When you do a job that involves manual healthcare and might involve multiple treatment sessions, you get to grow relationships with people. It's rewarding to be able to see how someone progresses, and how they enjoy coming to consult with you as they feel you're providing real value to them.
Lack of in-person social interaction is the biggest negative with my online work.
How did you go about making the shift?
As the BioHackers site was growing, that feeling of wanting to change where I spent my time became greater and greater.
So much so that a few months ago I decided to take the plunge and stop seeing patients – to prove to myself I really could make a full-time living online for me and my family.
I also reached out to a contact in the company in San Francisco to offer SEO consulting work. We had been conversing in a specific online forum regarding SEO. He could see that I knew my stuff and was up to date on best practices; I knew they were looking to scale their business.
What didn't go well? What wrong turns did you take?
I tried to do some joint venture work on another online project.
The problem was that it was short term and I hadn't any real business plan to expand on it.
The biggest thing I learnt from this is that even with online work you need to have a plan on what exactly you're going to do, how you're going to generate money, and how you can grow the business.
I also learnt I didn't want to do that type of work, day in, day out.
How did you handle your finances to make your shift possible?
I'm a moderate risk taker.
I got the contract to work with the San Francisco company, which meant a certain level of income would be coming in per month. This has allowed the fluctuating income on Biohackers Lab and my other online projects to add to the total number I make per month now.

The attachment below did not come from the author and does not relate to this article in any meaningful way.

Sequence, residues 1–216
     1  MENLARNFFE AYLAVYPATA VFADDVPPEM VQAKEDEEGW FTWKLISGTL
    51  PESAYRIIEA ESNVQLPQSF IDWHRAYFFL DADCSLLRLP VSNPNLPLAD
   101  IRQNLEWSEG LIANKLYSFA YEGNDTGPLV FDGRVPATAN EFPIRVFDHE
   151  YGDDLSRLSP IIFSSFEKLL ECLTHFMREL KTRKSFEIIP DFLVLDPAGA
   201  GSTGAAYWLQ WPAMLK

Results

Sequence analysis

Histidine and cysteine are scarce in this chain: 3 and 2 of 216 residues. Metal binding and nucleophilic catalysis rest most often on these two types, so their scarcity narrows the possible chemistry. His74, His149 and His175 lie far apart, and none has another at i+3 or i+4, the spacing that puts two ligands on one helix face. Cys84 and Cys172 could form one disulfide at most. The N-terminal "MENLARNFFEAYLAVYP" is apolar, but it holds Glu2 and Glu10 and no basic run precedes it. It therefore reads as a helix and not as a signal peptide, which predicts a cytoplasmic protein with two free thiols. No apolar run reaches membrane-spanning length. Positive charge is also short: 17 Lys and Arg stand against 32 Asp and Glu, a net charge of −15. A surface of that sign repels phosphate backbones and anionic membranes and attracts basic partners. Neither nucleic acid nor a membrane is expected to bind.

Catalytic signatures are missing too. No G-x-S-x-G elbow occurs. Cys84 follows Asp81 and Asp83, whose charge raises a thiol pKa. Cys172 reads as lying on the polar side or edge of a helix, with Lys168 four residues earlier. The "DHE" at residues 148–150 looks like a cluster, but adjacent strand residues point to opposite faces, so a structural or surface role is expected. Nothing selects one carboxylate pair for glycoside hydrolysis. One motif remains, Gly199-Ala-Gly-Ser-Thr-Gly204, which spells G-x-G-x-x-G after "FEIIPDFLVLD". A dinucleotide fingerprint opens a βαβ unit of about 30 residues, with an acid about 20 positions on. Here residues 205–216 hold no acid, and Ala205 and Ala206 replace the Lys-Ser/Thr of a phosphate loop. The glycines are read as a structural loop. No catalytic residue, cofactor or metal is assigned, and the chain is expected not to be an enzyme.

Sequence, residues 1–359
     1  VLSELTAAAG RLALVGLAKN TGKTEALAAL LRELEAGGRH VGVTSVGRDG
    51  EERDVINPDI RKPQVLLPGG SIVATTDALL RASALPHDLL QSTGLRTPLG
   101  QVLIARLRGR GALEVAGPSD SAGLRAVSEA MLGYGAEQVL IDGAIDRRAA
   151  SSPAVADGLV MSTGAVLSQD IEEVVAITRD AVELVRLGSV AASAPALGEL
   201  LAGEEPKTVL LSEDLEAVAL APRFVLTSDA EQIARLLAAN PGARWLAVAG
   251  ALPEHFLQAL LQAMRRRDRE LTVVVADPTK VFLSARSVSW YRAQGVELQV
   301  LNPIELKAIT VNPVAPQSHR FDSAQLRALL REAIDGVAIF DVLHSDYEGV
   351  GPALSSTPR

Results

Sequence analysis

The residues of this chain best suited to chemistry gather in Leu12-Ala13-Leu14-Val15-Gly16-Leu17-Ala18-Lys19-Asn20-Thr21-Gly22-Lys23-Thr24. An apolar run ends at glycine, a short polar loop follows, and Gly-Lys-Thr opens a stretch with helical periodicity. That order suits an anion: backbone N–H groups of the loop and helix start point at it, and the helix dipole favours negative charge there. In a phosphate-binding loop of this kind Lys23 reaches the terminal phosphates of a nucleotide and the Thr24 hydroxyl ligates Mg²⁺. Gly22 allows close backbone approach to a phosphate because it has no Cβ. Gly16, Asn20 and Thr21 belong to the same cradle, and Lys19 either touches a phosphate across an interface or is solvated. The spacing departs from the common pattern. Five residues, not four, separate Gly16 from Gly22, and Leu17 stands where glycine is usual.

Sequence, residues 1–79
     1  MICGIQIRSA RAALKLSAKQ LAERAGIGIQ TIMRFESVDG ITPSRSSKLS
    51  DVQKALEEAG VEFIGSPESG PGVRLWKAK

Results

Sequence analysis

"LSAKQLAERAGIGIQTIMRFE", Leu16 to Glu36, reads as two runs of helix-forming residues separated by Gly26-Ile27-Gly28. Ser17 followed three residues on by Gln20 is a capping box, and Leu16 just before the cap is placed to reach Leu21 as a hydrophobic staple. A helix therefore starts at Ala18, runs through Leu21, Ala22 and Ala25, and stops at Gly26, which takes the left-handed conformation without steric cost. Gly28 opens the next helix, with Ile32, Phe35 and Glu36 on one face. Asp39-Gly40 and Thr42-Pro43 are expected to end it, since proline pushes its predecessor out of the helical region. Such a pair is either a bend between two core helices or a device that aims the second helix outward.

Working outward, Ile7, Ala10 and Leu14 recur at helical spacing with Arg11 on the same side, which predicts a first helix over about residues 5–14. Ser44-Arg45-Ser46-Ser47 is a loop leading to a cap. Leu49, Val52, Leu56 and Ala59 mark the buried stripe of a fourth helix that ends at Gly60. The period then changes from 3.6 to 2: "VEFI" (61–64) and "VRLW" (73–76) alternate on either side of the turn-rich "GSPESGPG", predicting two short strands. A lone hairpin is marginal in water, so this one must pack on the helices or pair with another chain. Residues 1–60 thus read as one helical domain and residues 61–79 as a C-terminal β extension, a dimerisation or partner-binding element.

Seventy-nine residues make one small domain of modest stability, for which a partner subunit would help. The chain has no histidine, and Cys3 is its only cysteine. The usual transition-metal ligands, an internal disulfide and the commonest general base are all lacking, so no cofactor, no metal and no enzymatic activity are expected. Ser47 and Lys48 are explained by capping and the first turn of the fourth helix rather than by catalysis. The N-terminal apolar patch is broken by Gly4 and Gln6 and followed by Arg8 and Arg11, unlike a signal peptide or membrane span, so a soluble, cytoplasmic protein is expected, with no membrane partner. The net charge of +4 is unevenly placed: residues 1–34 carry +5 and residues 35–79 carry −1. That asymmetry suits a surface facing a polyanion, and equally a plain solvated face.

Overall my finances are doing very well per month since I made the shift.
What was the most difficult thing about changing?
Making the actual decision to change.
In other words, fear of the unknown and whether I could really do it.
What help did you get?
I spoke with my family and friends who gave me lots of feedback.
Having positive encouragement from them to do what I loved and follow my dreams helped me take the leap.
What resources would you recommend to others?
Take up networking opportunities for the industry you want to go into.
These could be in-person events at expos, conferences, seminar talks, or even simply joining a relevant Facebook group to listen and join in the conversation.
For example, there are loads of Facebook groups that are specific to podcasting. Here you can ask how to start, what equipment you'll need, how to edit audio, etc.
I would also highly recommend outsourcing certain tasks if it's within your budget. For this, I like to go to places like Upwork.
What have you learned in the process?
I've learned to believe more in myself from a business point of view, and that what I've taught myself is valuable to others.
Having gone through formal education to get my degrees it can be hard to believe you have enough knowledge on a topic if you haven't attended some sort of formal course.
I've learnt that there can be a business opportunity if you have a passion and feel you know how to help solve a problem for someone else.
What would you advise others to do in the same situation?
Network in the right places and sell yourself to the people you meet – you never know what could come of it.
Sit down and write a plan out. Don't just have it in your head, write it down with pen and paper. Make drawings, or whatever you need to do to actually see that you can do it. In my case I saw I would be able to replace my practice income with my online income. Weigh the benefits against the risks.
Then the last step is just to do it and turn your theory into reality.
To find out more about Gary's work, visit www.biohackerslab.com.
What lessons could you take from Gary's story to use in your own career change? Let us know in the comments below.